The first and second in the four series article presented our work in the fields of “design” and “urban intelligence” respectively. The third in the series will reflect on our work in the field of “advocacy”. Within “advocacy”, Asiye eTafuleni (AeT) works to include the voices of informal workers in urban decision making processes and provides litigation support to ensure their rights to sanctioned and conducive workplaces.
Informal workers, who are some of the poorest and most vulnerable workers globally are privy to precarious legal circumstances. As development practitioners working with informal workers, contending with legal matters is almost unavoidable because they operate from public spaces that is claimed, contested and potentially developed with public money. The contentious environment is aggravated by the selective interpretation or disregard of bylaws by regulation authorities and police enforcement, corruption and the lack of inclusion of informal workers in urban decision making processes.
Furthermore, informal workers do not have ready access to legal services nor do they have the resources to afford these services. Pragmatism dictates that that they comply with abusive systems to resume their work as soon as possible and the prevalence of any unjust incident is usually suppressed. As the unjust incidents are not being challenged at law, they result in the lack of judicial judgements which routinely establish legal precedent which could lead to legislative reform.
Informal workers therefore need access to the knowledge base, tools and resources necessary to effectively advocate for and claim their rights as workers – and to better understand their responsibilities. By integrating a focus on advocacy and litigation support into urban development, AeT has been able to address informal workers challenges in an integrated way, and enable their access to sanctioned and conducive workplaces.
Some of AeT’s advocacy projects include:
Law Project – Confiscation case: AeT facilitated engagements between informal trader John Makicwana and Legal Resources Centre (LRC) after John chose to legally challenge the City about the unjust confiscation of his goods. This has served as a landmark case challenging specific by-laws and the constitutional legality of confiscation of traders’ goods. The case was heard in the High Court in October 2014 and the judgement in February 2015 ruled in favour of John deeming confiscations “unlawful, invalid and unconstitutional”. Read the full story here.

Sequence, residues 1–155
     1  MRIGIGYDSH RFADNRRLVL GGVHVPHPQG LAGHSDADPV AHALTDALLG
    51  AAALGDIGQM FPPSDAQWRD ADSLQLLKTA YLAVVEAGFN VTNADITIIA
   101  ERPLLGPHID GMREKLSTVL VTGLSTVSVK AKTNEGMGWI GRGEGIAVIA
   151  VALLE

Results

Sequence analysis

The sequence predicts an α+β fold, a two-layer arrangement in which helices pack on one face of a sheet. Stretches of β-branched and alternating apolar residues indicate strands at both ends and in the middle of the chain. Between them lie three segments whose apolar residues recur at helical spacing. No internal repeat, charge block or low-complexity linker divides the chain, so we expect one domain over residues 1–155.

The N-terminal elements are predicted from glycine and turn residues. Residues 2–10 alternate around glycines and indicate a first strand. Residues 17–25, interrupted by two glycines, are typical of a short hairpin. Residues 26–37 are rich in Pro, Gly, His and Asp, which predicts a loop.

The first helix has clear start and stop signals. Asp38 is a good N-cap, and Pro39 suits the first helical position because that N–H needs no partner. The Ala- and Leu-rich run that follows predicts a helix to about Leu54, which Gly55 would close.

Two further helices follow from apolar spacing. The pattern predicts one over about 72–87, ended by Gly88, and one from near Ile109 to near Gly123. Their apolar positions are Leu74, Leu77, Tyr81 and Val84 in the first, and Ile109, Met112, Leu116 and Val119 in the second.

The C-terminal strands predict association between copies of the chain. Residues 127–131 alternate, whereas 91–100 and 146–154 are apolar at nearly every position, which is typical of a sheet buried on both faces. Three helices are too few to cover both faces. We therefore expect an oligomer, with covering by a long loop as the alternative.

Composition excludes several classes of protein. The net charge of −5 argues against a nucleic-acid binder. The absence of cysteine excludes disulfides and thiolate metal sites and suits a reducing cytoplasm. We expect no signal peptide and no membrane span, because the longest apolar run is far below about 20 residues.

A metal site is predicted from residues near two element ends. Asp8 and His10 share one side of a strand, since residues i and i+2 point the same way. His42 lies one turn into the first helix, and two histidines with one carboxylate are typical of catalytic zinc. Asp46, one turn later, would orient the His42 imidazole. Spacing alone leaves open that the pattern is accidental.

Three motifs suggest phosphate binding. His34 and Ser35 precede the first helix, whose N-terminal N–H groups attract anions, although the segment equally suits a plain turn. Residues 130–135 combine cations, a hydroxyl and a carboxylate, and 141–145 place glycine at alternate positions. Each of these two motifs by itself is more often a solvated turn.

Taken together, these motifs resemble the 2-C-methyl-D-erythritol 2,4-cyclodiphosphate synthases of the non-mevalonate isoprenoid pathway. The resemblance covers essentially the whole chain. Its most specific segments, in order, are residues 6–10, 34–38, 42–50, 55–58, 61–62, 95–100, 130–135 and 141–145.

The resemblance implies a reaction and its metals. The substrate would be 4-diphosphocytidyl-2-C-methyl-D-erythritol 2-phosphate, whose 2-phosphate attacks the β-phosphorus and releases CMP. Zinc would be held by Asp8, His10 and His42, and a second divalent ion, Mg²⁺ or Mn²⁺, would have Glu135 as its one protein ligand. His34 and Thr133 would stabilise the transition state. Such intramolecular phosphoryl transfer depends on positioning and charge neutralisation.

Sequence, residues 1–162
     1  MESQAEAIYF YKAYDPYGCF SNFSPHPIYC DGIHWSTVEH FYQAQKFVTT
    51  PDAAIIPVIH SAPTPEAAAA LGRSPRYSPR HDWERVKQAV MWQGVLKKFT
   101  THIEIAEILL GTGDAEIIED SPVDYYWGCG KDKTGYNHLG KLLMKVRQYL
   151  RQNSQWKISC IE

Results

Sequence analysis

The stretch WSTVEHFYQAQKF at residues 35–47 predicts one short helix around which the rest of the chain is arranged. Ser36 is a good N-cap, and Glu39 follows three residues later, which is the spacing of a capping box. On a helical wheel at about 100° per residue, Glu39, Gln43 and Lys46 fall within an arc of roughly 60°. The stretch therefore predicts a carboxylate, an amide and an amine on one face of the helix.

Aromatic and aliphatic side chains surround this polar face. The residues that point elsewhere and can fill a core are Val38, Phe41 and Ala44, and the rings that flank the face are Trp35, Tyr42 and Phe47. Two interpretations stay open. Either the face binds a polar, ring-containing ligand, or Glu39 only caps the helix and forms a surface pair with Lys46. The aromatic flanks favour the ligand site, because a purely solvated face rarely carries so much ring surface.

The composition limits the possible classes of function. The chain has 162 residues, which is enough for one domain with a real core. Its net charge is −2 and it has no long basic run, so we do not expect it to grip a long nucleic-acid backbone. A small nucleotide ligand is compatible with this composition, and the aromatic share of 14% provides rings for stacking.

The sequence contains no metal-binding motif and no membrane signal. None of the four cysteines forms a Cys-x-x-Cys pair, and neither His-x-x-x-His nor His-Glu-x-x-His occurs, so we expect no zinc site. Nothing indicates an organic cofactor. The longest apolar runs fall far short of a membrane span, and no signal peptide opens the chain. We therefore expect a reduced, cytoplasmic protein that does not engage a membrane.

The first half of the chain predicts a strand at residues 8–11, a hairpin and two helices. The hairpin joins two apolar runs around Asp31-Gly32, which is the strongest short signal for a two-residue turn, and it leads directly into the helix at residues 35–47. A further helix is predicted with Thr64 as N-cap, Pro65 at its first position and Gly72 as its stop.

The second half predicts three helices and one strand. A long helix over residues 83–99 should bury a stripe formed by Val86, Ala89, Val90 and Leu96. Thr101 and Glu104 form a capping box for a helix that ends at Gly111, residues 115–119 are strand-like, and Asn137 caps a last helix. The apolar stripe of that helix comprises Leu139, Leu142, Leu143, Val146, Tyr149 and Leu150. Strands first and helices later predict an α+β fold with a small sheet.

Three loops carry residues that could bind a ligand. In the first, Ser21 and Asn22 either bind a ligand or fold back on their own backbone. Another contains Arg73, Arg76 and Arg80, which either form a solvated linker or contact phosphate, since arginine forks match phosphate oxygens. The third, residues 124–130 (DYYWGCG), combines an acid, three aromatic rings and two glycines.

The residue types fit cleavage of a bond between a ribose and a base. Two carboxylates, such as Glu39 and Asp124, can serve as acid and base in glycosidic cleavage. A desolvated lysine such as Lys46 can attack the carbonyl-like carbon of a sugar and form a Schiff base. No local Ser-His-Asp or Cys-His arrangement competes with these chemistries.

Berea Station Committee: AeT has facilitated access to the LRC to assist in the event that the development of a formal shopping mall on the station precinct displace a number of informal workers. To support the Committee’s claim to a legitimate presence in the precinct, AeT is exploring a partnership with South African Slum Dwellers’ International (SASDI) to implement an innovative enumeration methodology.
UIA 2014 Public Debate Discussion: Along with the Head of eThekwini Municipality’s City Architects unit, Jonathan Edkins, AeT’s Senior Project Officer and two informal workers from Warwick Junction were invited as panelists at the UIA 2014 debate session titled “Global debates on access to the city: voices of Warwick”. During this session, the Head of City Architects offered a formal apology for the City’s approach to informal workers during the 2010 FIFA World Cup in relation to the proposed demolition of the Early Morning Market and police harassment.
Early Morning Market (EMM) Case: AeT’s participation with other parties successfully averted the demolition of the EMM. The LRC clients in the case were the informal workers surrounding the market and to date, the case has neither been formally concluded, nor the legal costs recovered. LRC in consultation with AeT, is continuing to pursue a final resolution which can then be publicised.
Chicken Sellers case: AeT has facilitated negotiations between a group of Chicken Sellers within the Early Morning Market and a City official resulting in the review of the rentals charged by the City from a daily to a more reasonable monthly rate. Over a decade ago, the rental was structured at a daily rate on the premise that the Chicken Sellers traded intermittently, but over the years they became permanent. AeT’s advocacy role has been to ensure administrative justice through its input into the policy and regulatory environment. The Chicken sellers’ have reported experiencing a dramatic change in their household income saying,
“We can now buy essentials for our home and consider saving which we were unable to do when we were paying daily rent for our chicken business” (MaHlongwa)
AeT’s approach to advocacy is to empower informal workers with increased voice and agency, which was affirmed when MaShezi said:
“We have learnt through AeT’s involvement that we also need to strategically push to make positive changes happen and that we can’t only rely on others to speak about our grievances. In the past we have been ignored and certain officials act as gate-keepers preventing change…”
In conclusion, AeT’s experience has shown that development practitioners working with informal workers need to be inquisitive about the legal parameters and potential conflicts that they are engaging in.
An awareness of the legal parameters impacts the process of developing a macro programme, for example, in terms of compliance with local government processes such as public participation and the Municipal Finance Act within large development ventures. But also as it impacts the micro level, for instance, when intervening in the policy and regulatory environment or in developing appropriate infrastructure such that it minimises punitive regulation and enforcement, and enhances the livelihoods of informal workers.